Enthusiasm for Lotronex waned as cases of severe constipation, some requiring surgery, were reported. Several patients also developed ischemic colitis, a complication in which the gut is damaged by a shutdown in blood supply. The FDA responded in August 2000, not by withdrawing Lotronex on the grounds that its earlier decision may have been hastily made on incomplete evidence, but rather by issuing a “medication guide” to set out the drug’s risks more clearly. By November, however, five people taking Lotronex had died. Glaxo Wellcome finally capitulated and took its lethal drug off the market.

When the FDA approved Lotronex, the agency knew about its adverse effects. Why did officers at the FDA not act sooner? The answer is that, even today, the threshold for drug approval in the US is too low. When evidence does point to risk, the FDA often gives the company the benefit of its doubt, with death being the only event that forces regulators to think again. The Lotronex episode might well have been predicted. In 1997, Congress weakened US drug regulation by passing the FDA Modernization Act. One of the act’s most important provisions was to reauthorize “user fees,” which are paid by companies in order to shorten the average time for the drug review process to be completed. A system of regulation that depends financially on the very entities it is supposed to regulate is ripe for error. User fees that pay for almost seven hundred FDA employees to produce relatively quick reviews of new drugs invite regulators to take a lax attitude toward safety concerns. After all, it is industry money that pays their salaries. The FDA Modernization Act has had a damaging impact on the independence of the FDA’s safety review practices and standards. But the issue of pharmaceutical power goes far beyond drug licensing.

Two tendencies are currently injuring relations between medicine and the drug industry. First, companies frequently manipulate information in a way that goes beyond the bounds of acceptable marketing. Examples are legion.16 But the pattern is often the same. A new drug is designed and must be tested. A contract is drawn up between the sponsor company and a research team. In return for money to pay for the trial, the investigators will relinquish a degree of control over their findings to the firm. Let us say that the study shows the drug is less effective than the company hoped for. The investigators will still want to publish their results. But often the company will now stall. There are several possible outcomes.

The company’s contractual rights—mixed with the threat of litiga-tion—might persuade the investigators to keep quiet. The data could be published, but with a heavy spin in favor of the sponsor’s point of view. Or the conflict may escalate until one side or the other blinks. The strategy of suppressing information, promoting disinformation, and sowing confusion is identical to that practiced by Chemie Grünenthal when the first hints of thalidomide toxicity surfaced.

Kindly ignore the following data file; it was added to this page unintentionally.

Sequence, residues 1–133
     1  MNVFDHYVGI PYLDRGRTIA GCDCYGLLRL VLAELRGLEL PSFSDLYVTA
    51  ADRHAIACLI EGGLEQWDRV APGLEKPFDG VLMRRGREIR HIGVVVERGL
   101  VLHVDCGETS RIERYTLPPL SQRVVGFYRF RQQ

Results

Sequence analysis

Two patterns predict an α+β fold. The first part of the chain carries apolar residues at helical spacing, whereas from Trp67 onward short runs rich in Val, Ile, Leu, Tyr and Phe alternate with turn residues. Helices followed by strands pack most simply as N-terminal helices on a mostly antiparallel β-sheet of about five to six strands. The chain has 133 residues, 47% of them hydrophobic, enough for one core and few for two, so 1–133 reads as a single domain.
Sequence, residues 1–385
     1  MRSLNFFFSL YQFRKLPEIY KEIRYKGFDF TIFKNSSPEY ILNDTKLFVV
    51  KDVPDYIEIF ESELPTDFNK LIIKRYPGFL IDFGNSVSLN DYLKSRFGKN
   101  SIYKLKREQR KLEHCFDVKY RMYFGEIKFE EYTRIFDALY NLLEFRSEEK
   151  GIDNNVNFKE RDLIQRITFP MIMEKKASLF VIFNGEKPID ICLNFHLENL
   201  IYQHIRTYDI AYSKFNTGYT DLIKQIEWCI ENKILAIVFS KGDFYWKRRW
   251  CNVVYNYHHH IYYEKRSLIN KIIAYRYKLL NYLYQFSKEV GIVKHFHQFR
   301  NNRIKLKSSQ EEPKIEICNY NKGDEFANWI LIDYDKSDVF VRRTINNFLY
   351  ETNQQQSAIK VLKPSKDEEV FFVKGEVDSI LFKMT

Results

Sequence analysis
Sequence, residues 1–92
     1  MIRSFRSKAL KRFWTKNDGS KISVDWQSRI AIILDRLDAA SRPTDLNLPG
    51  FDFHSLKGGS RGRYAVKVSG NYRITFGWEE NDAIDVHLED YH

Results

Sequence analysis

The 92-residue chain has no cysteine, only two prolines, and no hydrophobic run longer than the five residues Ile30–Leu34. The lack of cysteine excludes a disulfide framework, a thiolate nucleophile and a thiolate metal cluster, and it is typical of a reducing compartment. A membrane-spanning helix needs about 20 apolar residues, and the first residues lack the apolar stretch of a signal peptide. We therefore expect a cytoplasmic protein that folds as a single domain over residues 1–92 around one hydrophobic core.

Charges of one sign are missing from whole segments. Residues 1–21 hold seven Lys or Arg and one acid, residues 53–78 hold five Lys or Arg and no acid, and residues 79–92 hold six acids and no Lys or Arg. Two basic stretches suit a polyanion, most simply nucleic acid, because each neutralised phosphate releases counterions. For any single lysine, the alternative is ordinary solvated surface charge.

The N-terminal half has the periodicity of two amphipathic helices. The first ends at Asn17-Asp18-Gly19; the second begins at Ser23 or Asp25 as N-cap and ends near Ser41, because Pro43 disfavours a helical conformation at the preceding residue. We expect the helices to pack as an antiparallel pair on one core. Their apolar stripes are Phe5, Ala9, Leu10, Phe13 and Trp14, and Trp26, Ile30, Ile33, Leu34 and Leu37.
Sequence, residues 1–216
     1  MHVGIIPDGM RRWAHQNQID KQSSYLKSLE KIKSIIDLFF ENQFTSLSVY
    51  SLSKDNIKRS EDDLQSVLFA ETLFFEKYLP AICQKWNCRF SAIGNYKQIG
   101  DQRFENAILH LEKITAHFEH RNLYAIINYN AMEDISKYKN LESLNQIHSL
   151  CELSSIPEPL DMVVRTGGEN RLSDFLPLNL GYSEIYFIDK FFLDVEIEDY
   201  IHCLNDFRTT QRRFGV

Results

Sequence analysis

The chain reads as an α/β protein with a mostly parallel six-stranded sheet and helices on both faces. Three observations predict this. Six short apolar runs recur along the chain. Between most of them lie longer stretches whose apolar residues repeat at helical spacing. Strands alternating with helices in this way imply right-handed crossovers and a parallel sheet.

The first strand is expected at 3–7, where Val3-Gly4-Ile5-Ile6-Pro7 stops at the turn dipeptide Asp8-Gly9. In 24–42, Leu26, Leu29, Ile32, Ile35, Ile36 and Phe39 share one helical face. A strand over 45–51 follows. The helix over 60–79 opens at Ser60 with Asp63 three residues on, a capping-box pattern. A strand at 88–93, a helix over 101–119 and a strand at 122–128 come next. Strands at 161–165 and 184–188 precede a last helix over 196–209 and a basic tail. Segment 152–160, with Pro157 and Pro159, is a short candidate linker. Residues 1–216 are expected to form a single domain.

Second, the relationship between many doctors and pharmaceutical companies has now become close to corrupt. The UK’s equivalent of the FDA is called the Committee on Safety of Medicines. Its members review drug applications and decide on new licenses. Whether personally or professionally, they often depend on industry money. Each of the committee’s thirty-six members must declare personal and nonpersonal—i.e., research—interests in drug and device manufacturers. As of December 2000, twenty-seven members had declared industry interests. These included shareholdings, fees, consultancies, non- executive directorships, grants, and financial support to attend meetings. No member with a conflict of interest is allowed to take part in discussions that relate to a product he or she has an interest in. But the culture of the regulatory process is one in which it is acceptable for participants to profit personally from industry. The FDA’s rules on conflict of interest are more nuanced than those in the UK. For example, exclusions from reviewing committees are subject, in certain specified circumstances, to waivers. But the cultural norm, which is overtly pro-industry, is largely the same.

The research process itself is also immersed in a financial quagmire of conflicts of interest. A recent study at the University of California–San Francisco found that a third of faculty investigators received payments from companies for delivering lectures and accepting consultancies.17 Ownership of shares in pharmaceutical companies and personal financial ties are common. Prestigious medical conferences organized by some of the world’s most respected specialist societies—e.g., the European Society of Cardiology—are now packed with industry-sponsored symposia promoting a product, a company, or both.

There is, moreover, convincing evidence that in some cases the opinions of medical experts can be bought by the highest bidder. Doctors who take money from drug companies are more likely to sing the company line—hiding anxieties about safety—than those who keep their hands firmly in their pockets.18 Such is the atrocious venality of modern academic medicine.

The notion of pharmaceutical research as a curiosity-driven enterprise in the service of medicine has become a comforting but erroneous myth. As the cost—and risk—of drug development in a post-genome era soars, and competition between companies intensifies in ever-narrower markets, public health inevitably emerges as the first casualty. How many remember thalidomide now?

This Issue

May 17, 2001